Covid loan repayments could squeeze investment, Labour’s Dodds warns

August Graham, PA City Reporter
·3-min read

Labour’s shadow chancellor Anneliese Dodds will warn that forcing businesses to pay back the money they have borrowed to survive during Covid-19 risks squeezing investment as the UK looks to recover from the pandemic.

In a speech on Tuesday evening, Ms Dodds is expected to say businesses will struggle to repay some of the £73 billion they have taken out in Government-backed loans since the pandemic began.

Labour said that its analysis shows that around 750,000 businesses in the UK, employing 2.1 million people, have low or no confidence that they might survive three months.

“Forcing businesses to start making debt repayments before they are back on their feet will squeeze the amount they have to invest, to grow and take on new staff. For some, it could mean going to the wall,” Ms Dodds will say.

“Hundreds of thousands of businesses across the country are on a knife-edge. If they falter or fail, it’s not just a tragedy for the owners who lose their livelihoods and the staff who lose their jobs – it will damage the recovery and hold us all back.

“It’s a completely false economy for the Chancellor to leave these businesses high and dry.”

The Labour Party has previously called for a system of loan repayments that mirror student loans.

This would mean that a company is only asked to repay its loans when it starts to make a profit again.

Around 1.5 million businesses have taken out a bounce-back loan of up to £50,000 each, with around one in four saying they have spent the money already.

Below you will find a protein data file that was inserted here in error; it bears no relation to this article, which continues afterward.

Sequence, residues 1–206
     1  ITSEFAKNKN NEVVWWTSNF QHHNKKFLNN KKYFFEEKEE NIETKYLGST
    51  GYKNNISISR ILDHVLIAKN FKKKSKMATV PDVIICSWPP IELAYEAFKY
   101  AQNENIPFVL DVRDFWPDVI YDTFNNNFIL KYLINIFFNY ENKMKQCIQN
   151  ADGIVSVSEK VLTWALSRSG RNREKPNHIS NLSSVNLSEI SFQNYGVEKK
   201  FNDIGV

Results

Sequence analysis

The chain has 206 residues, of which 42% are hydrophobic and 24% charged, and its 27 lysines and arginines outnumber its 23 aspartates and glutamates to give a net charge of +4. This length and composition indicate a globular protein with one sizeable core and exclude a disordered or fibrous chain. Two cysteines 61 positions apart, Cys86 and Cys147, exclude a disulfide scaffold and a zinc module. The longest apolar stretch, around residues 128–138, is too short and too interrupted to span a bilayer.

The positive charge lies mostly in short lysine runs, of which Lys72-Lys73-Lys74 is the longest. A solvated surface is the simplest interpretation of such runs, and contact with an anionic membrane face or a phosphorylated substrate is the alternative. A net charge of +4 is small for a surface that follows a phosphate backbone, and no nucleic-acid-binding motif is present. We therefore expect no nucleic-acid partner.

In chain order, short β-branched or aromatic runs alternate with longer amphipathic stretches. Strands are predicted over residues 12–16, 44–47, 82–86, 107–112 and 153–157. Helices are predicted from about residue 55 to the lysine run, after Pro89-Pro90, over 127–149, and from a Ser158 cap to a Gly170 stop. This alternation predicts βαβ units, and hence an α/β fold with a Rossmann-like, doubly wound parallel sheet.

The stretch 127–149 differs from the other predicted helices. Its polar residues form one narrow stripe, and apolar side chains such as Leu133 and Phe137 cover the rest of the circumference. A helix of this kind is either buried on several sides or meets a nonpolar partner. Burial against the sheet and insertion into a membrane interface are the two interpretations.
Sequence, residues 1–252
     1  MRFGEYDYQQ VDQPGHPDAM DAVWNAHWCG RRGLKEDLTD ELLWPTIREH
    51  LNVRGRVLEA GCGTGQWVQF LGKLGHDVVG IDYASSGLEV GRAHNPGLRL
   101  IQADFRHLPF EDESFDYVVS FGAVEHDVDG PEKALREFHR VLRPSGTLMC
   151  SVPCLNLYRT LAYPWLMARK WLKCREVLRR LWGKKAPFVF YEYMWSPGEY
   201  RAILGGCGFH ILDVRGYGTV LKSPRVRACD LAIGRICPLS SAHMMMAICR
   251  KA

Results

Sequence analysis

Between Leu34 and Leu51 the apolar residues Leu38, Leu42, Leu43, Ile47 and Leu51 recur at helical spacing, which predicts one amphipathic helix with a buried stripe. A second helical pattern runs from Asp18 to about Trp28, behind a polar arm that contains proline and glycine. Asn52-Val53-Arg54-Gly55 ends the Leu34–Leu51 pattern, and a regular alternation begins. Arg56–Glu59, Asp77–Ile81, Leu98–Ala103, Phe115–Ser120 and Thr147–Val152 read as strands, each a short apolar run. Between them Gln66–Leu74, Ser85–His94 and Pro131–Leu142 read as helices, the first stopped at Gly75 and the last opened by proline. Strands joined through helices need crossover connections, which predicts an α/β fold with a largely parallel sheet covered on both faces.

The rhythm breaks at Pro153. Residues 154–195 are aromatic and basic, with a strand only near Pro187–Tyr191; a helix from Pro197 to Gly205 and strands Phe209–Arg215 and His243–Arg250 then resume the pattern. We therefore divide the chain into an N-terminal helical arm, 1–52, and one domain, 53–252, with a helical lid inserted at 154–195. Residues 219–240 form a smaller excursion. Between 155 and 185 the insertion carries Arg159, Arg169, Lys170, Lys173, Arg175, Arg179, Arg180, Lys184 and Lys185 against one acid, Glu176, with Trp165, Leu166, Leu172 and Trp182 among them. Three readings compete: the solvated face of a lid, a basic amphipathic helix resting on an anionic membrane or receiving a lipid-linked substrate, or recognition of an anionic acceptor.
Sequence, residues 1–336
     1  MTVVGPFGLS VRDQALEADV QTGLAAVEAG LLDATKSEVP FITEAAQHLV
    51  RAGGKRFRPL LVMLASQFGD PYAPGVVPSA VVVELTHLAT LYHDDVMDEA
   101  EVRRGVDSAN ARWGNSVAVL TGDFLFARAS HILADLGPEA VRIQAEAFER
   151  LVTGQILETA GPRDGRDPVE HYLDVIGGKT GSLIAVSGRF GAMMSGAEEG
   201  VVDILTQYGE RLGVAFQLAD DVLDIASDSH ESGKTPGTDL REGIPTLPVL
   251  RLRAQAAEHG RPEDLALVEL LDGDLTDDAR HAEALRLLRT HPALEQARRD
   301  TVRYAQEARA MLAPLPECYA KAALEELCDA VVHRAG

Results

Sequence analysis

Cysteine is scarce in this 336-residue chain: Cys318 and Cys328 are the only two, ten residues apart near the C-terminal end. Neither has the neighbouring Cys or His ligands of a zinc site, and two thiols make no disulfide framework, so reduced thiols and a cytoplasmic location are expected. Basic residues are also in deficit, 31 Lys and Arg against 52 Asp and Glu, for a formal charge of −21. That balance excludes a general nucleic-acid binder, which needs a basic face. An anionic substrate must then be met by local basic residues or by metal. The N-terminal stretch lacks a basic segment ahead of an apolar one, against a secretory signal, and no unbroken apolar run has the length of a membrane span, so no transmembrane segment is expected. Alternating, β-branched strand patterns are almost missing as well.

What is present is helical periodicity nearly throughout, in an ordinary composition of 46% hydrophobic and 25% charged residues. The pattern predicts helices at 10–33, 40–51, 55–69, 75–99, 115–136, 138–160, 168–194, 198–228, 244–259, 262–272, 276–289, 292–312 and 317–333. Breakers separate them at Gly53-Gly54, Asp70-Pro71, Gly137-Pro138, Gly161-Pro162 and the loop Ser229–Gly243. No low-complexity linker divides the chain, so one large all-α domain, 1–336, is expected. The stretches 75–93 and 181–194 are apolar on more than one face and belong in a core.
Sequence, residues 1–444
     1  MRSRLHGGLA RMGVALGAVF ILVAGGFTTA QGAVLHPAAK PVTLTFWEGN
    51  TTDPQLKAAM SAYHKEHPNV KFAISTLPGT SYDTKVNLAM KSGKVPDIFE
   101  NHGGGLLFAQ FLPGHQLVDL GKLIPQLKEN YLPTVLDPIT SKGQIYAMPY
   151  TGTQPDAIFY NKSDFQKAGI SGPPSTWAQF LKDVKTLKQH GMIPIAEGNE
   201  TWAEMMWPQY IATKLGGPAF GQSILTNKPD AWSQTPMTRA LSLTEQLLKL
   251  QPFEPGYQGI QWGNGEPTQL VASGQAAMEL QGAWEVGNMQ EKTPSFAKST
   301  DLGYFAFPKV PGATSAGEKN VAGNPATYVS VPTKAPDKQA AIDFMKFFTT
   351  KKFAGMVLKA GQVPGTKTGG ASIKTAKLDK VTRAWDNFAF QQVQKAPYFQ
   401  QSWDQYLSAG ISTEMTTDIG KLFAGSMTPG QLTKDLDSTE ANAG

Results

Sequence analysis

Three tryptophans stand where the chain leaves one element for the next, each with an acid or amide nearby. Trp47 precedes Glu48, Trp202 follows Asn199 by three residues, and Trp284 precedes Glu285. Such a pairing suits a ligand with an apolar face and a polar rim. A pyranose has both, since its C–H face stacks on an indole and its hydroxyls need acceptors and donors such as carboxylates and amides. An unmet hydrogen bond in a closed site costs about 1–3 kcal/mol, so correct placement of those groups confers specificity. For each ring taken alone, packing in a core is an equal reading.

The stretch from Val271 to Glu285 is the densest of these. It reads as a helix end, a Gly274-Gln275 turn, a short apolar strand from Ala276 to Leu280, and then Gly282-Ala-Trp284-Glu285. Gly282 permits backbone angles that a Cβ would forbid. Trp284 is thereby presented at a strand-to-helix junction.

The loans were provided by high street banks such as Lloyds and NatWest, but the Government guaranteed that if borrowers were unable to pay the Treasury would step in to cover the banks’ losses.

Companies are due to start making their first repayments in May.

As the pandemic dragged on for longer than expected, Chancellor Rishi Sunak gave the companies more options on how to repay their loans.

The initial six-year repayment term can now be extended to 10 years, and companies can choose to delay repayments and interest payments for one six-month period at any point during that time. They can also choose three six-month periods where they only pay interest on the loans.

The Chancellor billed his new options as “Pay As You Grow”, however Labour said that the scheme is merely a way of delaying payments, rather than paying only when making a profit.

“The Chancellor has been asleep at the wheel. His so-called ‘Pay As You Grow’ scheme might make for a good soundbite but it’s misleading: there is no link to growth at all. He has simply shifted deadlines back by a few months,” Ms Dodds will say.

“While that might help some businesses, the fact is that we are still on course to see billions of public money written off in unpaid loans because the Chancellor is refusing to act.”